Although these tablets dissolve very similar to trichlor tablets, they cannot be used in trichlor feeders. Trichlor and cal hypo are incompatible and combining them can be extremely dangerous. Putting both of these tablets into a feeder could cause a fire, explosion and the release of toxic gases and result in property damage, injuries or even death.
For commercial pools, both Pulsar and CCH have feeders designed for use with the slow dissolve cal hypo tablets. For residential pools, the tablets should only be used in the skimmer to avoid potential contact with incompatible trichlor tablets.
Many pool professionals are wary of putting chlorine tablets in the skimmer. With trichlor, these worries are well-founded. The combination of low pH and high chlorine of trichlor tablets can wreak havoc on pumps and other pool equipment. Cal-hypo, on the other hand, has a high pH. Therefore when it is used, the water moving through the equipment will have high chlorine content, but the chlorine is not as active due to the high pH.
Cal-hypo also adds calcium to the water. This can be good for plaster surfaces, but, if left unchecked, too much calcium can lead to scaling and cloudy water. Like CYA from trichlor, calcium must be removed by draining and refilling the water. However, the amount of water needed to correct the calcium addition from cal hypo is much less than the amount of water needed to correct the CYA addition from trichlor. Following is a comparison between the Poolife NST tablets and traditional trichlor tablets, showing the buildup and water usage to maintain both calcium (Ca) and CYA:
|Per 1 Tablet in 10,000 gallons||Poolife NST||Trichlor|
|Tablet weight (g)||255 g (9 oz.)||200 g (7 oz.)|
|Available Chlorine, %||70 %||90 %|
|Available Chlorine, ppm||4.7 ppm||4.8 ppm|
|Calcium as CaCO3, ppm||4.8 ppm||0 ppm|
|CYA, ppm||0 ppm||2.9 ppm|
|Gallons to remove Calcium from 1 tablet @ 500 ppm calcium hardness||96 gallons||----|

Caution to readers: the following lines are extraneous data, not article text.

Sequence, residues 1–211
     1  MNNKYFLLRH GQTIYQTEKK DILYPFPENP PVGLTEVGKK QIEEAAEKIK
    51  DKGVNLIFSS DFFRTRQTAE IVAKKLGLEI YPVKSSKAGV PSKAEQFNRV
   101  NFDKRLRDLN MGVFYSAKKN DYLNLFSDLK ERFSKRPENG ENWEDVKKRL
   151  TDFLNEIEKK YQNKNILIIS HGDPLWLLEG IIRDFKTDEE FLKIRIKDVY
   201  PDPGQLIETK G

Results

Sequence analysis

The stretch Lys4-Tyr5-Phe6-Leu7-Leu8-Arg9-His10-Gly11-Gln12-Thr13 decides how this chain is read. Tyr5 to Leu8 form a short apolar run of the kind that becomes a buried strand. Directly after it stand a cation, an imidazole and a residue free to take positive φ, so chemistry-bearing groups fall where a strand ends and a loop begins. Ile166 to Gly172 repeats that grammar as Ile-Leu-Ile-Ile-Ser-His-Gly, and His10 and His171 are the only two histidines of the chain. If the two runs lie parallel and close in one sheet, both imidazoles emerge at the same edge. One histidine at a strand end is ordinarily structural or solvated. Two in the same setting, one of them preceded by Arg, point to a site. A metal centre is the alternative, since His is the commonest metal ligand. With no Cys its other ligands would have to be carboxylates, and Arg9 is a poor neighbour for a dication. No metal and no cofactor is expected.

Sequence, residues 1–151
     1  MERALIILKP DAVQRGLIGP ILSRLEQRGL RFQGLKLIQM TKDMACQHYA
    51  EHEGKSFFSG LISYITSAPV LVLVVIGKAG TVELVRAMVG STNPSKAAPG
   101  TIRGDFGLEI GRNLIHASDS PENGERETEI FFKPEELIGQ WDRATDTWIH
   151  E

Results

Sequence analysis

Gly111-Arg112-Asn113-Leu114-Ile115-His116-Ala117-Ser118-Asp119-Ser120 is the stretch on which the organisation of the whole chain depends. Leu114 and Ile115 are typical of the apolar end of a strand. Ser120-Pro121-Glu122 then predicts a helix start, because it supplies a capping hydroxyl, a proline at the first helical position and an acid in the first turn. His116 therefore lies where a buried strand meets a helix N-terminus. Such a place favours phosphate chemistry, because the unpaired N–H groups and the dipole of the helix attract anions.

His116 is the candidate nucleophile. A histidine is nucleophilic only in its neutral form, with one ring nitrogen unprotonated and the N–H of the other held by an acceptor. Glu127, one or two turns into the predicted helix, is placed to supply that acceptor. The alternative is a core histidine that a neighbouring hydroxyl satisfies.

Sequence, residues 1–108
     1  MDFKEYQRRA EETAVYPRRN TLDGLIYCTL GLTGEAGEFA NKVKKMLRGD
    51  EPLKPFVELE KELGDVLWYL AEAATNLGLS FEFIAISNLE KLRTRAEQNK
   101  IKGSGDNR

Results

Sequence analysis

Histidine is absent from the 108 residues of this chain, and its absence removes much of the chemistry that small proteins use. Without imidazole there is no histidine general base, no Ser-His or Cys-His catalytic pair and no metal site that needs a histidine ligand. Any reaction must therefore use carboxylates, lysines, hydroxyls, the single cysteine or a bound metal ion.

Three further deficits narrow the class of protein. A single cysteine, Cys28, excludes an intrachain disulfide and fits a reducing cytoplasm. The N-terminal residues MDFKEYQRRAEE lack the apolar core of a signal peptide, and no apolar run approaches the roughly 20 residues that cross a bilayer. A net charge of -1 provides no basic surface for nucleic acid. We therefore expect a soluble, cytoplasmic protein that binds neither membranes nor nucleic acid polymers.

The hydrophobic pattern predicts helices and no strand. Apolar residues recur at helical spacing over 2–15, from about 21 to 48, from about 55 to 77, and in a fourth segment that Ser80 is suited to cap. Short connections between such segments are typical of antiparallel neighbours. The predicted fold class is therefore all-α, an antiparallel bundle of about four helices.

|Gallons to remove CYA from 1 tablet @ 50 ppm CYA||----||548 gallons|
The table shows that the amount of draining required to maintain the correct Ca level with NST will be less than the amount of draining needed to maintain the correct CYA level. In addition to this advantage, cal hypo helps to protect pool plaster due to its calcium content and high pH.
If you are maintaining your chlorine residual with trichlor or shocking with dichlor, not only are you adding chlorine to the pool, but you are also adding CYA. CYA hinders chlorine efficacy and should be maintained at the lowest concentration needed to maintain a chlorine residual. Slow dissolve cal hypo tablets are now available that offer the convenience of trichlor, without the CYA. These tablets and the proprietary, slow dissolving technology in them are long lasting and leave no trace of CYA. This non-stabilized chemistry helps to avoid overstabilization by giving the pool owner the choices of how much CYA to add and when. With slow dissolving cal hypo tablets, it is no longer necessary to choose between convenience and efficacy.
ABOUT THE AUTHOR: Dr. Ellen Meyer is technical service manager with Lonza, a global supplier of pool and spa/hot tub chemicals. She has chaired the recreational water quality committee of Association of Pool & Spa Professionals (APSP), and currently serves on the technical review committee of the Model Aquatic Health Code (MAHC), and is a member of the NSF International task group for pool chemical evaluation.
1 HOCl dissociation constant from Handbook of Chlorination, Second Edition, G. C. White, Van Nostrand Reinhold Company, New York, 1986.
2 O’Brien, J. E., Hydrolytic and ionization equilibria of chlorinated isocyanurate in water, Ph.D. Thesis, Harvard University, May 1972.
3 Anderson JR. A study of the influence of cyanuric acid on the bactericidal effectiveness of chlorine. Am J Public Health Nations Health. 1965 Oct;55(10):1629-37.
4 Fitzgerald GP, DerVartanian ME. Factors influencing the effectiveness of swimming pool bactericides. Appl Microbiol. 1967 May;15(3):504-9.
5 Golaszewski G et al. The kinetics of the action of chloroisocyanurates on three bacteria: Pseudomonas aeruginosa, Streptococcus faecalis, and Staphylococcus aureus. Water Research 1994;28(1): 207-217.
6 Robinton ED et al. An evaluation of the inhibitory influence of cyanuric acid upon swimming pool disinfection. Am J Public Health. 1967 Feb;57(2):301-10.